WILLITS, 11/16/20 — Earlier today Governor Newsom announced that a large swath of the state was being returned to the “purple tier” due to a recent surge in COVID-19 cases state — and nation — wide. This evening the County of Mendocino confirmed that we will indeed be returning to the purple tier restrictions effective tomorrow, Tuesday Nov. 17, 2020. So far in Mendocino County 1,307 people have tested positive for the disease and 22 people have died of the coronavirus.
Though most will be familiar with the restrictions given the time already spent in the purple tier, it bears repeating that this means an end to indoor dinning, indoor religious services, indoor gyms, and an end to indoor visiting at skilled nursing facilities. Retail stores will once again only be allowed to have 25% percent capacity.
The subject of schools is slightly trickier, and any schools that already opened will be allowed to continue operating opened. However, in Mendocino County it appears that that only includes kindergarten in Potter Valley — all other districts had not yet reopened, or were still deciding what to do when this new edict came down. (There may be some number of private schools or charter schools that we are not aware of which have opened, but we trust that those schools are in close communication with students and parents.)
New cases are increasing across the country at an alarming rate. On Saturday 181,196 new cases were reported in the United States — a new record. In the country as a whole the percentage of tests coming back positive has hit 9.8%, though in California it remains at 4.6%. Though one of the first states to be afflicted, throughout the pandemic California has kept cases, hospitalizations, and deaths lower than the national averages, with generally greater precautions and stricter restrictions.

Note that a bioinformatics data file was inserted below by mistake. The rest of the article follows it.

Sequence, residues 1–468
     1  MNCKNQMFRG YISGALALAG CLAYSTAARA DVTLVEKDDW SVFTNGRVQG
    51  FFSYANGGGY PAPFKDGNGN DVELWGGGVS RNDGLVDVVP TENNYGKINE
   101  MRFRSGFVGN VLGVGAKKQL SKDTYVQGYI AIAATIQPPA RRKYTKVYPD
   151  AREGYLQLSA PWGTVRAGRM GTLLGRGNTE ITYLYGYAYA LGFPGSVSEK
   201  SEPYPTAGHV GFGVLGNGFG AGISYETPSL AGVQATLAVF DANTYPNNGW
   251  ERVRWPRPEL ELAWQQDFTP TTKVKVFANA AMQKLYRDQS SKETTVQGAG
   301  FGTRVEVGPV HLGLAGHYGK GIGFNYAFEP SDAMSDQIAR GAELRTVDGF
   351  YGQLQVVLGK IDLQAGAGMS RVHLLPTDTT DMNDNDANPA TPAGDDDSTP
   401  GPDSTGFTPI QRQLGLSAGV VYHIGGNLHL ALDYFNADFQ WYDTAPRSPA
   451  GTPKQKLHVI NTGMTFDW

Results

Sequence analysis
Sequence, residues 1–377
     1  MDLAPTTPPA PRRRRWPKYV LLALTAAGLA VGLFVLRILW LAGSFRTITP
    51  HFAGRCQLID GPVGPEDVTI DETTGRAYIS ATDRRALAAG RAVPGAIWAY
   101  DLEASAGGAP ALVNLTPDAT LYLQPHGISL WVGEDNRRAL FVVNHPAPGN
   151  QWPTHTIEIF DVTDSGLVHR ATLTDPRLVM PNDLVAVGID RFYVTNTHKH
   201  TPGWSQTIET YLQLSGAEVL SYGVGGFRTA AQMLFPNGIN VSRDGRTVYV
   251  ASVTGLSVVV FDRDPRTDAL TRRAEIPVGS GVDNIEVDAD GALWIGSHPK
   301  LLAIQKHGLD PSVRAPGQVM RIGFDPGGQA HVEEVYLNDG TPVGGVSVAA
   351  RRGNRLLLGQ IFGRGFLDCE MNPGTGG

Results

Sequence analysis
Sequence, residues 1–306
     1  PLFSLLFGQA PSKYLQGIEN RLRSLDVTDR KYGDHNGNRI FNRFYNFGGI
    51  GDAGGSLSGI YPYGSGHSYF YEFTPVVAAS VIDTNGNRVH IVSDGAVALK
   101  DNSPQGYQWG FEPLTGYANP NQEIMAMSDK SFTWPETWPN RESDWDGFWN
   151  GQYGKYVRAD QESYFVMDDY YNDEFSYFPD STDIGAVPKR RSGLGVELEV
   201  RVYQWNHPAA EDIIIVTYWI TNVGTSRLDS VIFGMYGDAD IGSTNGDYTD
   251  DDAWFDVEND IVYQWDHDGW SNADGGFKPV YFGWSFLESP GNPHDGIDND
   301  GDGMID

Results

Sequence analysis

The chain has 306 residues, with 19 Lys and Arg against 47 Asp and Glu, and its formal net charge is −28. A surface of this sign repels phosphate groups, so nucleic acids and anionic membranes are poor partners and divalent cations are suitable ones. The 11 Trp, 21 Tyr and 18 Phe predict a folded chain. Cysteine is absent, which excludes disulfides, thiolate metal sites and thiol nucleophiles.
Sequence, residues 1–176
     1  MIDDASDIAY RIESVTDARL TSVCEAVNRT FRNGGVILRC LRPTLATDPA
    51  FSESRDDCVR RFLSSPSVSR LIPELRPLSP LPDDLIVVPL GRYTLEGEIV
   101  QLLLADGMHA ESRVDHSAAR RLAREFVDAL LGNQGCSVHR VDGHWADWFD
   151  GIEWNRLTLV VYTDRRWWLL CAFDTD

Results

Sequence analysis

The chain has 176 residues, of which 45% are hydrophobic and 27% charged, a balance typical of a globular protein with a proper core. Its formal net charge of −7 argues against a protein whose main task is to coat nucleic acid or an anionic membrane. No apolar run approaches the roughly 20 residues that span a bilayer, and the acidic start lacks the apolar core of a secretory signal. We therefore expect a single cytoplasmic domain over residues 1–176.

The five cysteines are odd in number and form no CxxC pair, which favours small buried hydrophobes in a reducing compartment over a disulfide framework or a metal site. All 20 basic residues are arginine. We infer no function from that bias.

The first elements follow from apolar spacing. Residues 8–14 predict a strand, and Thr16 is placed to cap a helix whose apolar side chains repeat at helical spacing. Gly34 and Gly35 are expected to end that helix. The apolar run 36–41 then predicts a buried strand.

As is seen clearly in the graph below, Mendocino had managed to significantly reign in its cases per day, until the middle of last week, when things began to spike strongly.
In the past few days, new case totals approaching the worst of the summer months have again begun to appear:
Hospitalizations, isolation, and quarantine have again begun to rise.
During those bad summer months the county saw a large number of people killed by the virus in quick succession. Since then deaths have been more sporadic, as cases went down, and likely as doctors learned better how to treat the disease and the public learned how to better protect the most vulnerable.
Here is our reporting from earlier today, including Newsom’s statements:
Below is the County of Mendocino’s press release with more details:
The State Places Mendocino County Back Into the Purple Tier
There has been an unprecedented increase in COVID-19 cases throughout California, particularly within the last 10 days. Mendocino County has also seen a rise in cases. Within the last seven days, our county’s case rate (average number of new cases per day) has jumped by 69%. Because of this surge, Mendocino County Public Health was alerted by the state that our county has officially re-entered Purple Tier 1, or “widespread” COVID-19 community risk status, effective Tuesday, November 17, 2020.